After reading the scenario Ann Lyman’s Proposal below, review Table 5.9 and Table 5.10 for information that will be helpful in answering the…

After reading the scenario Ann Lyman’s Proposal below, review Table 5.9 and Table 5.10 for information that will be helpful in answering the questions . Answer the questions as thoroughly as possible.

1. What factors, both organizational and managerial, should Ann consider in selecting an influence strategy or strategies?

2. What sources of power might Ann possess, and how do her power sources factor into her choice of influences strategies?

3. Which influence strategies seem most relevant in Ann’s situation (use Table 5.9 and Table 5.10 for help)? Why?

4. How would you advise Ann to implement the chosen strategy (i.e., what should she say and do)? 5. What is the likelihood of your chosen strategy or strategies working? a. Is there a fallback strategy that might work if your first choice fails? 

Ann Lyman’s Proposal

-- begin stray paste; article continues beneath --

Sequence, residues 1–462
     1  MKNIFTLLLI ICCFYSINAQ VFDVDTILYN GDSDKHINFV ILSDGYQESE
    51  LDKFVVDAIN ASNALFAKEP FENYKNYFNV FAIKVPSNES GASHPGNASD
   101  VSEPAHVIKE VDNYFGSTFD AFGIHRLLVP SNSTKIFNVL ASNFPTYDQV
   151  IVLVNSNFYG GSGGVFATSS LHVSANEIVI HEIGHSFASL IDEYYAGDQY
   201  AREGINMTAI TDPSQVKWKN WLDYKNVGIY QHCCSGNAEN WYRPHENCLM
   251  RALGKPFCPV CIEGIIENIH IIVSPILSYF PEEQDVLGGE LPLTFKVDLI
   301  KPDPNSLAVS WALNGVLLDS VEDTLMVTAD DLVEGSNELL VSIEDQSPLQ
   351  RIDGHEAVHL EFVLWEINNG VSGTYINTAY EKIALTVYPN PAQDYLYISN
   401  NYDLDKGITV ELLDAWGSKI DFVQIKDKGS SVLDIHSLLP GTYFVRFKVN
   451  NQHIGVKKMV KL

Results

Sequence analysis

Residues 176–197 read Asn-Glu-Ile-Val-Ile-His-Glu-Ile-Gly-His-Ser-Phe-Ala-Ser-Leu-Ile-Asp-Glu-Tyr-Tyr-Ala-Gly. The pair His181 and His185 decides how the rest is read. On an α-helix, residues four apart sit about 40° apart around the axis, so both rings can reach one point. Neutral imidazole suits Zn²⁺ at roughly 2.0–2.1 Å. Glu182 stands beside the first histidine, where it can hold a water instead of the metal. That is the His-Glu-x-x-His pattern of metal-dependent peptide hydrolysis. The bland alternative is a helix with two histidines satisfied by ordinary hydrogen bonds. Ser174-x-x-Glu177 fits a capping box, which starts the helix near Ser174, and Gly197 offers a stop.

Ann Lyman was recently hired by the Challenge Products Corporation (CPC) as a senior marketing executive for the electronic housewares division. Her previous experience at Pearces, a major competitor, had earned her a reputation for being a creative and hardworking manager. Her department at Pearces had increased its sales at least 15 percent per year over the past five years, and she had been featured in a lead article in Contemporary Management. This combination of competence and visibility was what attracted the attention of John Dilworth, the CEO of Challenge. John was troubled about the two-quarter decline in electronic sales. This was the core of CPC’s business, and he could not risk losing market share. In the past, CPC’s products had dominated such a large market share that, ironically, marketing wasn’t considered very important. Production touted its high quality and low costs, purchasing emphasized its contribution to keeping costs low, and engineering stressed the durability of its designs. CPC products, it was argued by many, “sold themselves.” But that was before the cheaper, “look-alike” products from Asia flooded the discount stores. No longer could CPC expect high customer loyalty simply because it was the oldest, best-known, most reliable name brand on the shelf. Ann was convinced that in order for CPC to stay competitive, the company needed to expand its product line, offering more options at different price levels. She felt it also needed to branch out into “trend designs” that appealed to the contemporary lifestyles of young adults. These options would require the company to find new channels of distribution, such as specialty mail-order catalogs, as well as to manufacture generic products for department stores’ private labels. These changes had far-reaching ramifications for other departments at CPC. For one thing, they meant engineering would have to shorten its design cycle, provide support for a broader range of products, and emphasize customer-oriented, rather than functional, features. These changes would obviously not sit well with the production department, which jealously protected its long production runs based on standard orders and relatively few model changes. It also stressed ease of fabrication and assembly. In addition, purchasing would be required to find new sourcing alternatives for nonstandard parts, which would make it more difficult to get volume discounts and ensure quality. After three months on the job, Ann felt she was ready to make her proposal to John. She pushed her staff hard to add the finishing touches before John left on his two-week vacation to Lake Tahoe. She wasn’t disappointed—he thought it was a winner. He was excited and ready to “sign on.” But he was also realistic about the difficulty they faced convincing others that these changes were necessary. Ann’s counterparts in production, purchasing, and engineering would certainly object. “It’ll be a hard sell, but I think you have some good ideas,” he concluded. “While I’m away, I’d like you to design a plan for getting the cooperation of the other departments. You can count on me for general support, but the culture in this organization isn’t consistent with sending out an edict. You’ll have to figure out how to get their support some other way.”

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